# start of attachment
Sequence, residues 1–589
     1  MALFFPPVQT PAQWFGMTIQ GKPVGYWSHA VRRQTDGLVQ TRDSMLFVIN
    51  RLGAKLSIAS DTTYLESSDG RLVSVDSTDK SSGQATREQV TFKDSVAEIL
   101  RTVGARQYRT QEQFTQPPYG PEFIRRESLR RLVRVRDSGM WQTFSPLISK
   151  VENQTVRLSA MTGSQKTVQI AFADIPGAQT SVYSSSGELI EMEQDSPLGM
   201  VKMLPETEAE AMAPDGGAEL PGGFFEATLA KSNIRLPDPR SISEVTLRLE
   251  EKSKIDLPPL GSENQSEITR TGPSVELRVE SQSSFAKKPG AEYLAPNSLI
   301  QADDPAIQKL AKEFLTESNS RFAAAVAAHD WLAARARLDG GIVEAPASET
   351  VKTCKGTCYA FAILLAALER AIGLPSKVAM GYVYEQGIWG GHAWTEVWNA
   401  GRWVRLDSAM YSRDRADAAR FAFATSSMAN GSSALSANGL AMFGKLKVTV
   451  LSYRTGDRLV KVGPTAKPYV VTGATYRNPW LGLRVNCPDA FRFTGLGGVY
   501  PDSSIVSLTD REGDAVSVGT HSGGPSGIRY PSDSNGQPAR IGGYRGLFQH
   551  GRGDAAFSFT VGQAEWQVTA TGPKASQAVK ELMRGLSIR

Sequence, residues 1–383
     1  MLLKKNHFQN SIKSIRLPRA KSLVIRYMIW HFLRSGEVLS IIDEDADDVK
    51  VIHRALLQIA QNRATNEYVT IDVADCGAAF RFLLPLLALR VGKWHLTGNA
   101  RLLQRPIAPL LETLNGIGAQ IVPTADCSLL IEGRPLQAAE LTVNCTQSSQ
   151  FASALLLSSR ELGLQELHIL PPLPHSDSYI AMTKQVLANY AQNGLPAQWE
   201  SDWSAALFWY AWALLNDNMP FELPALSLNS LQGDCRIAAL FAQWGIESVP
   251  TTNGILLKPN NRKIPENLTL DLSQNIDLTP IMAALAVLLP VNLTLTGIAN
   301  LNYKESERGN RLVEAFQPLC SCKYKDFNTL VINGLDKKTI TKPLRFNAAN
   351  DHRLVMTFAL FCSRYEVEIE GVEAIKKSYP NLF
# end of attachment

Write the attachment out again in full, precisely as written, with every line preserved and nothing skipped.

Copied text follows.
Sequence, residues 1–589
     1  MALFFPPVQT PAQWFGMTIQ GKPVGYWSHA VRRQTDGLVQ TRDSMLFVIN
    51  RLGAKLSIAS DTTYLESSDG RLVSVDSTDK SSGQATREQV TFKDSVAEIL
   101  RTVGARQYRT QEQFTQPPYG PEFIRRESLR RLVRVRDSGM WQTFSPLISK
   151  VENQTVRLSA MTGSQKTVQI AFADIPGAQT SVYSSSGELI EMEQDSPLGM
   201  VKMLPETEAE AMAPDGGAEL PGGFFEATLA KSNIRLPDPR SISEVTLRLE
   251  EKSKIDLPPL GSENQSEITR TGPSVELRVE SQSSFAKKPG AEYLAPNSLI
   301  QADDPAIQKL AKEFLTESNS RFAAAVAAHD WLAARARLDG GIVEAPASET
   351  VKTCKGTCYA FAILLAALER AIGLPSKVAM GYVYEQGIWG GHAWTEVWNA
   401  GRWVRLDSAM YSRDRADAAR FAFATSSMAN GSSALSANGL AMFGKLKVTV
   451  LSYRTGDRLV KVGPTAKPYV VTGATYRNPW LGLRVNCPDA FRFTGLGGVY
   501  PDSSIVSLTD REGDAVSVGT HSGGPSGIRY PSDSNGQPAR IGGYRGLFQH
   551  GRGDAAFSFT VGQAEWQVTA TGPKASQAVK ELMRGLSIR

Sequence, residues 1–383
     1  MLLKKNHFQN SIKSIRLPRA KSLVIRYMIW HFLRSGEVLS IIDEDADDVK
    51  VIHRALLQIA QNRATNEYVT IDVADCGAAF RFLLPLLALR VGKWHLTGNA
   101  RLLQRPIAPL LETLNGIGAQ IVPTADCSLL IEGRPLQAAE LTVNCTQSSQ
   151  FASALLLSSR ELGLQELHIL PPLPHSDSYI AMTKQVLANY AQNGLPAQWE
   201  SDWSAALFWY AWALLNDNMP FELPALSLNS LQGDCRIAAL FAQWGIESVP
   251  TTNGILLKPN NRKIPENLTL DLSQNIDLTP IMAALAVLLP VNLTLTGIAN
   301  LNYKESERGN RLVEAFQPLC SCKYKDFNTL VINGLDKKTI TKPLRFNAAN
   351  DHRLVMTFAL FCSRYEVEIE GVEAIKKSYP NLF